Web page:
The healthcare industry continues to be a hotbed of innovation, with activity driven by telemedicine, real-time diagnostics, smart hospitals and access to digital therapies, as well as the growing importance of technologies such as artificial intelligence (AI), the Internet of Things (IoT), augmented reality (AR), robotics and data management practices. In the last three years alone, there have been over 106,000 patents filed and granted in the healthcare industry, according to GlobalData’s report on Internet of Things in Healthcare: Medical device secure data transmission.
However, not all innovations are equal and nor do they follow a constant upward trend. Instead, their evolution takes the form of an S-shaped curve that reflects their typical lifecycle from early emergence to accelerating adoption, before finally stabilising and reaching maturity.
Identifying where a particular innovation is on this journey, especially those that are in the emerging and accelerating stages, is essential for understanding their current level of adoption and the likely future trajectory and impact they will have.
200+ innovations will shape the healthcare industry
According to GlobalData’s Technology Foresights, which plots the S-curve for the healthcare industry using innovation intensity models built on over 443,000 patents, there are 200+ innovation areas that will shape the future of the industry.
Within the emerging innovation stage, smart helmets, body temperature sensors, and Software as a Medical Device (SaMD) are disruptive technologies that are in the early stages of application and should be tracked closely. Smart balloon catheters, point-of-care molecular diagnostics, and automated immunoassay analysers are some of the accelerating innovation areas, where adoption has been steadily increasing. Among maturing innovation areas are Smart contact lenses and GPS integrated fitness monitors, which are now well established in the industry.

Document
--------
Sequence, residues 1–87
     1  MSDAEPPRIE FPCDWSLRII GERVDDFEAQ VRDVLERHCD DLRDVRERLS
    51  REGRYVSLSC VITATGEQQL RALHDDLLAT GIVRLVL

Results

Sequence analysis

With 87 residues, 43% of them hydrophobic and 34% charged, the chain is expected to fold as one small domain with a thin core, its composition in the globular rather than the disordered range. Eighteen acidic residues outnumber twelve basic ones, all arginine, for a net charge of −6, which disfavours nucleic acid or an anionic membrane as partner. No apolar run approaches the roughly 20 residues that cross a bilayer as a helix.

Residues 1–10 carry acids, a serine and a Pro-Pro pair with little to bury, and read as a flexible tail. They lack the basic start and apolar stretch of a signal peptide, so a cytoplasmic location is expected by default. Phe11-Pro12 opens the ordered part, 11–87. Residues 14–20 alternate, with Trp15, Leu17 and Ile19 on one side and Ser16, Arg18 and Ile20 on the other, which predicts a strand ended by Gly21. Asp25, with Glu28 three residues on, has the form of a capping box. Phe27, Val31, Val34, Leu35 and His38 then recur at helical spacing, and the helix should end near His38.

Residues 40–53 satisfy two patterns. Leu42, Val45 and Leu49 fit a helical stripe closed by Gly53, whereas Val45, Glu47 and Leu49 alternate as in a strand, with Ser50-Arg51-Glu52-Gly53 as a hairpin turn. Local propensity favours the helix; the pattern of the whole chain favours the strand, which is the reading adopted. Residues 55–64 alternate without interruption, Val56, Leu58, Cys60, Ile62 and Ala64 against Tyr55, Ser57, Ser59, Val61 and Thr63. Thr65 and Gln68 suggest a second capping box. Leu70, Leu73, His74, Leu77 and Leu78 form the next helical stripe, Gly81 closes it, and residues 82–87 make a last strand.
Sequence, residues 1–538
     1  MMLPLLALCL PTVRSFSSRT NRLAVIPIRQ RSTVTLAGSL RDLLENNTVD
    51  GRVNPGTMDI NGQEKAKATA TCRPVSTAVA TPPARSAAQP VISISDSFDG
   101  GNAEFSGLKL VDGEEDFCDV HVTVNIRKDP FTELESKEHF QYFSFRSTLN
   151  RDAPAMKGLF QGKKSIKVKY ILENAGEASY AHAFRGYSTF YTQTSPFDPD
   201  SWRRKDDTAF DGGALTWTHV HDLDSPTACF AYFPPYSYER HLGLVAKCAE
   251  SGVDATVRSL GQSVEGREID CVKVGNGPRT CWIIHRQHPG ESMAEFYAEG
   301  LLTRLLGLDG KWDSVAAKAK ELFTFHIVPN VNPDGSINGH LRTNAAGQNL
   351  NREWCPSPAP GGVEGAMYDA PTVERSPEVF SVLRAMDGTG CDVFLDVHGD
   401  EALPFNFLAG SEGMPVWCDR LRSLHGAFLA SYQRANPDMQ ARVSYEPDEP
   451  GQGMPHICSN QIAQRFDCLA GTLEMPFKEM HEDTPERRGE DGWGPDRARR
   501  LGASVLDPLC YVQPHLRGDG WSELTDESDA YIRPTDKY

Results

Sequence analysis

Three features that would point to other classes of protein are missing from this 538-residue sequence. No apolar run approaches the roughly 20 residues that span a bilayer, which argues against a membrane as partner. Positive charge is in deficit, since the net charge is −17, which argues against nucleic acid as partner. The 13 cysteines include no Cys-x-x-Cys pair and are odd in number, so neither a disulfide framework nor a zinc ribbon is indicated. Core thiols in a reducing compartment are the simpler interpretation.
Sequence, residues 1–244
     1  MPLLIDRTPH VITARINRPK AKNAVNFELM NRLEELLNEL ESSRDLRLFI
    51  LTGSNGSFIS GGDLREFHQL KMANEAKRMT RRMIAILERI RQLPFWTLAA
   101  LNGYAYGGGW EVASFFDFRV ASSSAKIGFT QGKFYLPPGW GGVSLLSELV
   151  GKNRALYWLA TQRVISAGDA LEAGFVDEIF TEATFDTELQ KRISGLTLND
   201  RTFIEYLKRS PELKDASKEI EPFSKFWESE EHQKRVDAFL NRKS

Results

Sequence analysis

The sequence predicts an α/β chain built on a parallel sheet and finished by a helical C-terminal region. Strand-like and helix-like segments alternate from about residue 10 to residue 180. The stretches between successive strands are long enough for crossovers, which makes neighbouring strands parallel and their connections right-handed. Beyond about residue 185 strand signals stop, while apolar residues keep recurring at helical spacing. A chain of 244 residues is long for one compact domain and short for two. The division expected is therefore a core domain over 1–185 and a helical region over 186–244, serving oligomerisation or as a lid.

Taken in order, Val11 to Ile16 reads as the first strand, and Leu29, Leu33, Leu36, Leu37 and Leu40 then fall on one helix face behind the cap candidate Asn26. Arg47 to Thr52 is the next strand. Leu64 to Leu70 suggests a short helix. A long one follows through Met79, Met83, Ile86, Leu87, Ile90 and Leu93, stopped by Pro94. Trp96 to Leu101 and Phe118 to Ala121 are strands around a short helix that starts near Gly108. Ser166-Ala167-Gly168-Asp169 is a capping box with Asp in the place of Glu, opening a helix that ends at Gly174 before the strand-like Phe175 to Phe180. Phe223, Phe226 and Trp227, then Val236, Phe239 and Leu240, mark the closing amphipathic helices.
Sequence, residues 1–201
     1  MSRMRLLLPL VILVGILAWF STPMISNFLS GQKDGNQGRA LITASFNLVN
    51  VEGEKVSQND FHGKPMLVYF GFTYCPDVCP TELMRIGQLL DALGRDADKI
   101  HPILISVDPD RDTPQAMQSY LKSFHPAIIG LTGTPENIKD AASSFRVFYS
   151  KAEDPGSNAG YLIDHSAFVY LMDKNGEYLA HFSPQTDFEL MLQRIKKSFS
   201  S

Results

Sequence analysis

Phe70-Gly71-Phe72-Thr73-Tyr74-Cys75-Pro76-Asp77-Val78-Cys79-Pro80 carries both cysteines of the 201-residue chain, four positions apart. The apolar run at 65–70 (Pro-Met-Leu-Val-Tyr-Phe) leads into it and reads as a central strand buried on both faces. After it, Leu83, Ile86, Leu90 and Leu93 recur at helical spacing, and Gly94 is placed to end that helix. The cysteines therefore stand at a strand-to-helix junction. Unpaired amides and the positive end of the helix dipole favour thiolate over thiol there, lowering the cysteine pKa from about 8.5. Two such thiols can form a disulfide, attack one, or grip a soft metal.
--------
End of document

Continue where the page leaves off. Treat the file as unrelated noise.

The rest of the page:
Innovation S-curve for Internet of Things in the healthcare industry
Medical device secure data transmission is a key innovation area in Internet of Things
Hospitals and other healthcare delivery groups are complicated businesses with the use of a variety of Internet of medical things and information technology. Devices connected to the Internet and operational technology are becoming more integrated. Secure data sharing necessitates providers to plan and ensure current security regulations, such as HIPAA technological measures, are met. When data can be simply and securely transferred from one provider to another, patient care will improve.
GlobalData’s analysis also uncovers the companies at the forefront of each innovation area and assesses the potential reach and impact of their patenting activity across different applications and geographies. According to GlobalData, there are 20+ companies, spanning technology vendors, established healthcare companies, and up-and-coming start-ups engaged in the development and application of medical device secure data transmission.
Key players in medical device secure data transmission – a disruptive innovation in the healthcare industry
‘Application diversity’ measures the number of different applications identified for each relevant patent and broadly splits companies into either ‘niche’ or ‘diversified’ innovators.
‘Geographic reach’ refers to the number of different countries each relevant patent is registered in and reflects the breadth of geographic application intended, ranging from ‘global’ to ‘local’.
Patent volumes related to medical device secure data transmission
Source: GlobalData Patent Analytics
People.ai is one of the leading patent filers in the field of medical device secure data transmission. Some other key patent filers in the field include Enlitic, DexCom and SoftBank Group.
In terms of application diversity, Enlitic leads the pack, followed by Johnson & Johnson, and US Patent Innovations, respectively. By means of geographic reach, ICU Medical held the top position, while Johnson & Johnson and SoftBank Group are in the second and third spots, respectively.
These systems offer a 360-degree picture of the patient's state and treatment plan. The patient's treatment success is tied heavily into the performance of these important systems currently and is expected to be a core component of treatment success in the future.
To further understand how Internet of Things is disrupting the healthcare industry, access GlobalData’s latest thematic research report on Internet of Things (IoT) in Healthcare.